From user research done by our insights team at the company we know that time and time again people we interview tell us that they like to share recipes with their friends and family via WhatsApp.

    So, to increase the number of people sharing content from our platform with their friends and family we dug into the data we had about historical sharing behaviour on the platform.

    The data confirmed what our researchers were telling us. The data showed that WhatsApp was by far the most popular way for our users to share recipes from our platform (at least in the countries / regions of the World where WhatsApp is the messaging service of choice, which were also the countries / regions where we had the most activity on our service at the time).

    Based on these data we reviewed the current user journey for sharing a recipe via WhatsApp and evaluated how we could improve it.

    The journey required a user to first view a recipe, then find the UI control to reveal sharing options, then choose from sharing the recipe via our app’s built in chat feature or via the “share” controls built in to the OS their device ran. Then they had to find WhatsApp from those OS level sharing options, then go through the process of sharing the recipe as dictated by the OS’s WhatsApp sharing mechanism.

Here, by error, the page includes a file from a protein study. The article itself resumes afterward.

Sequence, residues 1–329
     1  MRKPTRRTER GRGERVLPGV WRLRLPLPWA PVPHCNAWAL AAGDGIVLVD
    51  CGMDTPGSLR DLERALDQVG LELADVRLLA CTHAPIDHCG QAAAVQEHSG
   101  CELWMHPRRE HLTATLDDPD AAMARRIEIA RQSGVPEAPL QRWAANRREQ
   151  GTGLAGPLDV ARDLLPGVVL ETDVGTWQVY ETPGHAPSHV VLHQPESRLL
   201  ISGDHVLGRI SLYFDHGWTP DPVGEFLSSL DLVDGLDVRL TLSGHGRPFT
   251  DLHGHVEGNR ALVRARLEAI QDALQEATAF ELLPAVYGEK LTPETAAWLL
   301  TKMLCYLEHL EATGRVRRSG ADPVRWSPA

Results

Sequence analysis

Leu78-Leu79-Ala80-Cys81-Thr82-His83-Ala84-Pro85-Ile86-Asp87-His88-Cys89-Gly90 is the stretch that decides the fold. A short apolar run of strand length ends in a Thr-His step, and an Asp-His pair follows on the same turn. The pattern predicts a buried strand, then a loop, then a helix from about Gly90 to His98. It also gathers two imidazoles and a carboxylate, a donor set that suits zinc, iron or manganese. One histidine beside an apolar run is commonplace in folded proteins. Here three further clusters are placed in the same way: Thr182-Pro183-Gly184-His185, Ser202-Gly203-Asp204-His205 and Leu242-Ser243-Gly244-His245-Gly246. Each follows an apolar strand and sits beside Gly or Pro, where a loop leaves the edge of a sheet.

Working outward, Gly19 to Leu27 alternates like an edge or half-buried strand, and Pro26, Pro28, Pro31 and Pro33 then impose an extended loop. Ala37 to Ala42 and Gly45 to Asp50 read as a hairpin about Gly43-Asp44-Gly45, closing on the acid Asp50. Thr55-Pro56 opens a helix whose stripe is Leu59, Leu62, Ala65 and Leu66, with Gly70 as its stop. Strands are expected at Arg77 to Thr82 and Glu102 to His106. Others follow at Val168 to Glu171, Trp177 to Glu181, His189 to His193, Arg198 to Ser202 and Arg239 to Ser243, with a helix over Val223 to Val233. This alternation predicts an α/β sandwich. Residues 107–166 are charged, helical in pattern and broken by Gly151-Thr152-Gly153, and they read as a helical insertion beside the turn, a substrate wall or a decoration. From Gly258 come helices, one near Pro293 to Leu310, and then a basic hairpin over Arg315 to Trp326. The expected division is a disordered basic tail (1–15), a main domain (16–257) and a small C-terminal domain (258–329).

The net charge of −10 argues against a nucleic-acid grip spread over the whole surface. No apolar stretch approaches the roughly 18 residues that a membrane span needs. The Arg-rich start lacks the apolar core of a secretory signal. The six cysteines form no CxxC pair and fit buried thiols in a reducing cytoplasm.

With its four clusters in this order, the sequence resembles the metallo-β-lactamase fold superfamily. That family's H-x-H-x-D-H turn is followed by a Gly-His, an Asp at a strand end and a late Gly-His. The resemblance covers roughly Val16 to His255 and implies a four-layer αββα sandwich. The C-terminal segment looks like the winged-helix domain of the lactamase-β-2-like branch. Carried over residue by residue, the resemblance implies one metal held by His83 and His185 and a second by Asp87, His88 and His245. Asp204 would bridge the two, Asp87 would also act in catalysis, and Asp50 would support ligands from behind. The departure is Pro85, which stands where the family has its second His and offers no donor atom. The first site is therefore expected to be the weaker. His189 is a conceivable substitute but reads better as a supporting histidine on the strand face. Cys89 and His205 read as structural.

We, as a Squad, decided to experiment with different ways of improving the overall sharing experience, and while we did that we made one small change to the user journey specifically for WhatsApp users:

    We moved the share via WhatsApp option to be the first option the user saw when they opened the recipe sharing options, before they saw the OS share sheet. Effectively promoting WhatsApp two levels up in the chain of steps users followed when sharing content.

    We deployed the change and monitored its impact.

    The results were better than we’d expected. This seemingly simple change increased the number of people sharing recipes via WhatsApp by just over 10 times.

    One small change, driven by qualitative and quantitive data that supported it, lead to a 10x increase in users doing what we wanted them to do.

    That was a win for our Squad.

    Unfortunately, we weren’t able to map the increase in sharing activity to impacts on author retention in any meaningful way, but as an isolated exercise in insight-driven design I think it’s a great example of why sometimes “paving the cow paths” really is a good approach to product design.